Tax cut deal comes on final day of legislative session

Negotiators from the South Dakota House and Senate settled on a tentative agreement to lower the sales tax to 4.2% for an initial period of four years.

Rep. Will Mortenson (left), of Pierre, and Sen. Casey Crabtree (center), of Madison, the majority leaders in their respective chambers, look on during a conference committee on tax cuts. On March 9, 2023, the final day of regular session, key lawmakers found compromise on a sales tax cut negotiation that has dominated the past week.
Jason Harward / Forum News Service

PIERRE, S.D. — It may have been the accumulating snow threatening a lengthy stay in Pierre should lawmakers belabor a tax cut deal. Or potentially the growing pressure of delivering on a promised tax cut.

But no matter the reason, Republican leadership in the South Dakota Legislature finally broke through on tax cut negotiations on Thursday, March 9.

“This has been a special situation where the House and Senate have worked together, maybe like never before,” Senate Majority Leader Casey Crabtree, of Madison, said during the hearing. “That remained true even during the most difficult negotiations at the last hour.”

Thursday morning, the committee of six tasked with hammering out details on the overall sales tax reduction voted 5-1 in favor of lowering the sales tax to 4.2%.

In the spirit of compromise, lawmakers attached a sunset clause scheduled four years down the road, meaning the sales tax rate would increase back to the current rate of 4.5% in July 2027 without future action.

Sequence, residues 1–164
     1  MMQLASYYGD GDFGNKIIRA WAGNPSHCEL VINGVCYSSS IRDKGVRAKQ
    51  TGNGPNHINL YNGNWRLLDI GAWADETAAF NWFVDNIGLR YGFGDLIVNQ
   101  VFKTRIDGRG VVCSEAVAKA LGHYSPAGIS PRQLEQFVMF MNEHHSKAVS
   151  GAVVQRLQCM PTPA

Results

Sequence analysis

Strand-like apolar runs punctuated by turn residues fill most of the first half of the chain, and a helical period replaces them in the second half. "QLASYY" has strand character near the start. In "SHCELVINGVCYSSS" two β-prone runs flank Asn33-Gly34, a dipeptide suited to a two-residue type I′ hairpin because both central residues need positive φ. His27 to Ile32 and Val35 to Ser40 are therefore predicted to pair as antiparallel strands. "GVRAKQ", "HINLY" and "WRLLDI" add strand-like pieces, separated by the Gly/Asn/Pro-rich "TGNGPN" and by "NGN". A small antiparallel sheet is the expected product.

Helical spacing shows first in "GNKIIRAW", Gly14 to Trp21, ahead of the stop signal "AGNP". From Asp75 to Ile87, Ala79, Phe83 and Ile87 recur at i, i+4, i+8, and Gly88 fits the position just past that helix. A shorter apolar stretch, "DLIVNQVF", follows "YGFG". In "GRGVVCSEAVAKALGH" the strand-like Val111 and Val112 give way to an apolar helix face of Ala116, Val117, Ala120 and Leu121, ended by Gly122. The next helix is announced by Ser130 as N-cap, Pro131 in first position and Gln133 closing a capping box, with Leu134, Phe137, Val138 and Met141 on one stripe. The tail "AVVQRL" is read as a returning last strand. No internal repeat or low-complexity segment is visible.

“In the house, it's no secret we prefer a permanent tax cut,” House Majority Leader Will Mortenson, of Pierre, said during the committee hearing “But it takes two to tango. It takes two to cut taxes. So I'm proud of the process we've been through.”

The deal still requires the approval of lawmakers in the House and Senate later Thursday, as well as the signature of Gov. Kristi Noem, who last week expressed her disdain for the idea of a temporary tax cut.

“The more the sales tax rate is flexible and mobile, the easier it will be to raise your taxes in the future,” Noem said in a statement on Feb. 28. “I will not allow it.”

With the heavy lifting out of the way on tax cuts, all that’s left for the final day in Pierre is to set increases to the “Big Three,” a budget moniker for core obligations including education, health care providers and state employees.

Mortenson indicated that a significant portion of lawmakers are in favor of going “above what the governor proposed,” referring to the 5% overall increase in Noem’s proposed budget unveiled last December.

The governor’s budget also included more targeted increases to certain hard-to-fill state roles and floundering Medicaid providers including nursing homes.

“I was willing to amend this tax cut to 4.2% [from the original plan of 4%] to make sure that we do first and foremost take care of our obligations,” Rep. Chris Karr, of Sioux Falls, a key voice in tax cuts this year and in years past, said after the committee. “Because I believe these dollars are surplus, meaning we're not taking them away from any of our needs.”

Jason Harward is a Report for America corps reporter who writes about state politics in South Dakota. Contact him at 605-301-0496 or

Jason Harward covers South Dakota news for Forum News Service. Email him at
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